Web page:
Bruce Clay Blog : UXJanuary 17, 2014
Google is serious about user experience on mobile devices. Until recently there haven’t been many tools to analyze a mobile user experience or mobile optimization efforts. Last August Google gave webmasters a tool to validate mobile optimization through its PageSpeed Insights tool. Much like GTMetrix and other page speed tools, Google’s tool reports specific items that may be a hindrance to optimal site performance for both desktop and mobile platforms.
SEOs familiar with the selection of page speed evaluation tools on the market will likely recognize a common limiting factor. Each page speed tool I’ve ever used only goes so far as tell you what the problem is, with very few telling you how to fix it. For example, a typical page speed tool may report that a site has a lot of thumbnail images and the page may benefit from using CSS sprites – something like that. But none of the tools will suggest why this observation is important, at least from a mobile perspective.
Google’s PageSpeed Insights tool defaults to the mobile tab (we can read between the lines however we want), but newly added to the tool is a User Experience section which is currently in beta. Click-through for the insights this tool provides and what that tells us about Google’s prioritization of mobile user experience.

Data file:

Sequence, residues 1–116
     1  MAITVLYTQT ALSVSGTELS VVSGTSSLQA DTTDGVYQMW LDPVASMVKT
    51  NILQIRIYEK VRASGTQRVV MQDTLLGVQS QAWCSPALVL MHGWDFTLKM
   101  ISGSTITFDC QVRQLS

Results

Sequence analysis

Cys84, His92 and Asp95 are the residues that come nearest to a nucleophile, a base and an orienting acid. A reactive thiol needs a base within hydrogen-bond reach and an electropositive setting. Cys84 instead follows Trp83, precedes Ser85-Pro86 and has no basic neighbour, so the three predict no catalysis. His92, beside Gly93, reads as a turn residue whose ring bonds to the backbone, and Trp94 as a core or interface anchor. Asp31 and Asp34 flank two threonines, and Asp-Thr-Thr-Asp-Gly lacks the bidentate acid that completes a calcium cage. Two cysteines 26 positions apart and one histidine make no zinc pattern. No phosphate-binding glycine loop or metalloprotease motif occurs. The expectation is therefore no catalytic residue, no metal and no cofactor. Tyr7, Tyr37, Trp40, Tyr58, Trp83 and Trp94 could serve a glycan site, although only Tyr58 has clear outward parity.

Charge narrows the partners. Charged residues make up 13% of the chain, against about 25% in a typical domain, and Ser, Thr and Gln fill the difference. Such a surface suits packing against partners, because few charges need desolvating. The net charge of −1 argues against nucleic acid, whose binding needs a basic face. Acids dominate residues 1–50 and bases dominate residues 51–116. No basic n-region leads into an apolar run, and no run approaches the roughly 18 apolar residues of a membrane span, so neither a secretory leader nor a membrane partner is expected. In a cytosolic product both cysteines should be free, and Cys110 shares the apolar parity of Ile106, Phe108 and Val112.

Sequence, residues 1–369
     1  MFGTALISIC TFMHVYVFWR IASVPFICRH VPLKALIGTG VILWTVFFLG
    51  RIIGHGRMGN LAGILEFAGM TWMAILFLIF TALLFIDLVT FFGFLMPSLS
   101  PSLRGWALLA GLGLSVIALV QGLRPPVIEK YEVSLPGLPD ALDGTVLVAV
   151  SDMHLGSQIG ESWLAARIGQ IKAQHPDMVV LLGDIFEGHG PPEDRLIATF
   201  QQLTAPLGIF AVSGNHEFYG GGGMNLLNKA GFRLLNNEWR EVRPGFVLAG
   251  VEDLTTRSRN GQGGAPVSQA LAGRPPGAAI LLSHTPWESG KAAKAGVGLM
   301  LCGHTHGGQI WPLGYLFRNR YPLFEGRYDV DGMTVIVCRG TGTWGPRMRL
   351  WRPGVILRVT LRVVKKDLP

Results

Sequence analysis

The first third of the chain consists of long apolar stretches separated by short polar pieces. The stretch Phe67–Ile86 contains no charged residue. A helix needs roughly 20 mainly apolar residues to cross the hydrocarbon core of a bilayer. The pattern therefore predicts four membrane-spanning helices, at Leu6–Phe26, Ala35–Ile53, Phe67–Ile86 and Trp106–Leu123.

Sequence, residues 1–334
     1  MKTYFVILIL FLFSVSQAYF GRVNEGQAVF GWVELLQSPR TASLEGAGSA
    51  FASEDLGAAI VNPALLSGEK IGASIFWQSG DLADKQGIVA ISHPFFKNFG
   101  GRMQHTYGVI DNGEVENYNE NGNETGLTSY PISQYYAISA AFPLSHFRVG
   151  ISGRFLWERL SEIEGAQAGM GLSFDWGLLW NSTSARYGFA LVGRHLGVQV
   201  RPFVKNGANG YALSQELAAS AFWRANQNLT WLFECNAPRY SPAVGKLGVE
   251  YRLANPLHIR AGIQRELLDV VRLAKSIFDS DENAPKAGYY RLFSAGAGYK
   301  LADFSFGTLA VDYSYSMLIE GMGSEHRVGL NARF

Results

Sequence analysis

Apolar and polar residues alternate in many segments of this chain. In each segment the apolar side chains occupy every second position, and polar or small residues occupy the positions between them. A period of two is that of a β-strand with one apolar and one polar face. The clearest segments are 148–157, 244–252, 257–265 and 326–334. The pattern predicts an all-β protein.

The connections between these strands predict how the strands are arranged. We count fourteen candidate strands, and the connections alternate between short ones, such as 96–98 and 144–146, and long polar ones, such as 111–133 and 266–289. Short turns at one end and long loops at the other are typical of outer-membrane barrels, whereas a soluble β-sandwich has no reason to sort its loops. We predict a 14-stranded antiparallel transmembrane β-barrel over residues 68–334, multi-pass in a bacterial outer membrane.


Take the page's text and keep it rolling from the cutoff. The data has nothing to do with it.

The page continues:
October 1, 2013
Ah. This is a good one. In this session Shari Thurow (@sharithurow, Founder and SEO Director at Omni Marketing Interactive) will be showing us how to create search engine friendly sites that can be read and indexed by search spiders, but are also equally appealing to human visitors. A great resource for those dealing with, ahem, I mean… highly respecting the feedback of web designers who aren’t convinced you can have SEO friendly web design without compromising user experience.
Yay for SEO and UX working together, and yay for educating entire teams on the value of both! Let’s go.
Read more of SMX Boot Camp: SEO Friendly Web Design.
August 2, 2012
Today I had a fight with Trader Joe’s dish soap. Those of you who know the TJ’s brand of dish soap can probably identify. You unscrew the top, and there’s this very stubborn aluminum sealant that you have to wrestle off to let the soap flow. The problem is, the soap bottle gives you no help at all. There’s no tab protruding off the edge to swiftly remove the sealant. You literally need tiny little elf hands or a pair of surgical tweezers to get any sort of traction.
After about two minutes of wrestling with it, I thought, How hard could it be for Trader Joe’s to have made one tiny tab to grab hold of – an improvement that would make a huge impact on the experience?
The thing about the user experience is that sometimes we, as product developers and marketers, are so close the product that we fail to see the obvious. Or maybe we just haven’t taken the time to look at the product from every possible angle. Either way, we can’t forget to take the time to revisit the user experience time and time again throughout the lifecycle of the product. And yes, that means your website — the most important product you have on the Web.